Saturday, September 27, 2008

the debates

Yep ... I fell asleep 2/3's through it last night but there was no shortage of news this morning. Here's the transcript and below is what I found funny and/or interesting.

"John, you're absolutely right."

McCain was a bit slow especially in the beginning and the earmarks/spending mantra quickly became a broken record. But at least he took time to read the name on his bracelet before he got on TV. Ok, that's a bit meaningless but it didn't come off as looking sharp (which generally Obama has nailed). I thought Obama hid a bit behind Biden, was mistaken about being able to prevent another 9/11 via respect and restoring standing, and as the video above points out, I'm not sure what the repeated "John is absolutely right" was intended to do.

In the end, I thought McCain sounded experienced and compassionate while Obama struck me as book smart and lawyerish (is that a word?). As I thought about how some of my brothers and sisters in Christ would take this I wondered about the emerging gang. They seem to lean toward Obama because of his use of story and his place in the story. Yet I related to McCain as the story teller while Obama was the party line teller.

Net, I'm a surprised because I expected to hate everything Obama said (which I didn't) but love his presentation and identify with him (which I didn't).

And now, from my friends at, the summary of misstatements.
  • Obama said McCain adviser Henry Kissinger backs talks with Iran “without preconditions,” but McCain disputed that. In fact, Kissinger did recently call for “high level” talks with Iran starting at the secretary of state level and said, “I do not believe that we can make conditions.” After the debate the McCain campaign issued a statement quoting Kissinger as saying he didn’t favor presidential talks with Iran.
  • Obama denied voting for a bill that called for increased taxes on “people” making as little as $42,000 a year, as McCain accused him of doing. McCain was right, though only for single taxpayers. A married couple would have had to make $83,000 to be affected by the vote, and anyway no such increase is in Obama’s tax plan.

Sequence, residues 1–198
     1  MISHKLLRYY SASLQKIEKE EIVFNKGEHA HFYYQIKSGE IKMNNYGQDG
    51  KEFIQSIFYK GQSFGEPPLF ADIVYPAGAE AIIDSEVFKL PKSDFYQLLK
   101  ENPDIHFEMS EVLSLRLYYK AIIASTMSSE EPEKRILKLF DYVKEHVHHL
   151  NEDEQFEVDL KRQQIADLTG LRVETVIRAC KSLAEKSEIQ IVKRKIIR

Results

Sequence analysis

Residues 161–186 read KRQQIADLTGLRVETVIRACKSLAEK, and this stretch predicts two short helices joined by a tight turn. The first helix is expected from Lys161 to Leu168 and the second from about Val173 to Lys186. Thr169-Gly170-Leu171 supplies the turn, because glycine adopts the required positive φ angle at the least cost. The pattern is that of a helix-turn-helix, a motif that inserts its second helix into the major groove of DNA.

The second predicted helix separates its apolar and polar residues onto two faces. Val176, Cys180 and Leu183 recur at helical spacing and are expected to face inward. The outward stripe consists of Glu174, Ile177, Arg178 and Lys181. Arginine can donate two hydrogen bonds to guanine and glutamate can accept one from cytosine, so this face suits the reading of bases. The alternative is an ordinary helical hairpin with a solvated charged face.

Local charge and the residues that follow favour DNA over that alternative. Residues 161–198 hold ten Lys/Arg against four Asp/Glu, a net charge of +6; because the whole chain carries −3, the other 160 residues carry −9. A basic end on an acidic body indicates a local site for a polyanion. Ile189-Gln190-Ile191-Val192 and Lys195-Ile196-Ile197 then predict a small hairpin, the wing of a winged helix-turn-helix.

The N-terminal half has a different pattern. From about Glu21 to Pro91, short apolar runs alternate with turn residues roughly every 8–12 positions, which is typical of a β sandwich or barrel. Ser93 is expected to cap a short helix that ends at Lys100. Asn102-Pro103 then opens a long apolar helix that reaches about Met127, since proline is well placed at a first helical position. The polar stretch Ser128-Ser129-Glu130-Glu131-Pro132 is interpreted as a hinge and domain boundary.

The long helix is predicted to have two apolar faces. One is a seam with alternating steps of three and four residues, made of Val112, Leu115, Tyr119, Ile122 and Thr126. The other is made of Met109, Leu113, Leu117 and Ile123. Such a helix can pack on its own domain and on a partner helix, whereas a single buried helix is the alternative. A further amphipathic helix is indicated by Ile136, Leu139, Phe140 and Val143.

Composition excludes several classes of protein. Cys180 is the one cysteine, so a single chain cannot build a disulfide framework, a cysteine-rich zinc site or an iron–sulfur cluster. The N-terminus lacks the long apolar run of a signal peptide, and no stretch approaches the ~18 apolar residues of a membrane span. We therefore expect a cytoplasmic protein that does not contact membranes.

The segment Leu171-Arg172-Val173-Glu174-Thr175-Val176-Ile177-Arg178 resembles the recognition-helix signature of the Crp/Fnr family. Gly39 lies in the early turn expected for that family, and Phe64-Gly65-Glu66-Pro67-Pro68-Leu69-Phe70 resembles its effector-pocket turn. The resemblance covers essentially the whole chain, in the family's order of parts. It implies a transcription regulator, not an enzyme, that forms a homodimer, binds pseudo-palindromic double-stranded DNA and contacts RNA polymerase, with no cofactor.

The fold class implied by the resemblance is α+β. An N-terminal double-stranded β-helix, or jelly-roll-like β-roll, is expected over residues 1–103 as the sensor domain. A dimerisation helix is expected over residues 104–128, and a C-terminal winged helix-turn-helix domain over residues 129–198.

• McCain and Obama contradicted each other on what Joint Chiefs of Staff Chairman Admiral Mike Mullen said about troop withdrawals. Mullen said a time line for withdrawal could be “very dangerous” but was not talking specifically about “Obama’s plan,” as McCain maintained.
  • McCain tripped up on one of his signature issues – special appropriation “earmarks.” He said they had “tripled in the last five years,” when in fact they have decreased sharply.
  • Obama claimed Iraq “has” a $79 billion surplus. It once was projected to be as high as that. It’s now down to less than $60 billion.
  • McCain repeated his overstated claim that the U.S. pays $700 billion a year for oil to hostile nations. Imports are running at about $536 billion this year, and a third of it comes from Canada, Mexico and the U.K.
  • Obama said 95 percent of “the American people” would see a tax cut under his proposal. The actual figure is 81 percent of households.
  • Obama mischaracterized an aspect of McCain’s health care plan, saying “employers” would be taxed on the value of health benefits provided to workers. Employers wouldn’t, but the workers would. McCain also would grant workers up to a $5,000 tax credit per family to cover health insurance.
  • McCain misrepresented Obama's plan by claiming he'd be "handing the health care system over to the federal government." Obama would expand some government programs but would allow people to keep their current plans or chose from private ones, as well.
  • McCain claimed Gen. Dwight D. Eisenhower had drafted a letter of resignation from the Army to be sent in case the 1944 D-Day landing at Normandy turned out to be a failure. Ike prepared a letter taking responsibility, but he didn’t mention resigning.

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1 comment:

mt si dad said...

Lawyerly would be a word, but it comes across as coolly professional.

Lawyer-ish is a nonceword, but it gets the feel right. Trying to stay above the fray.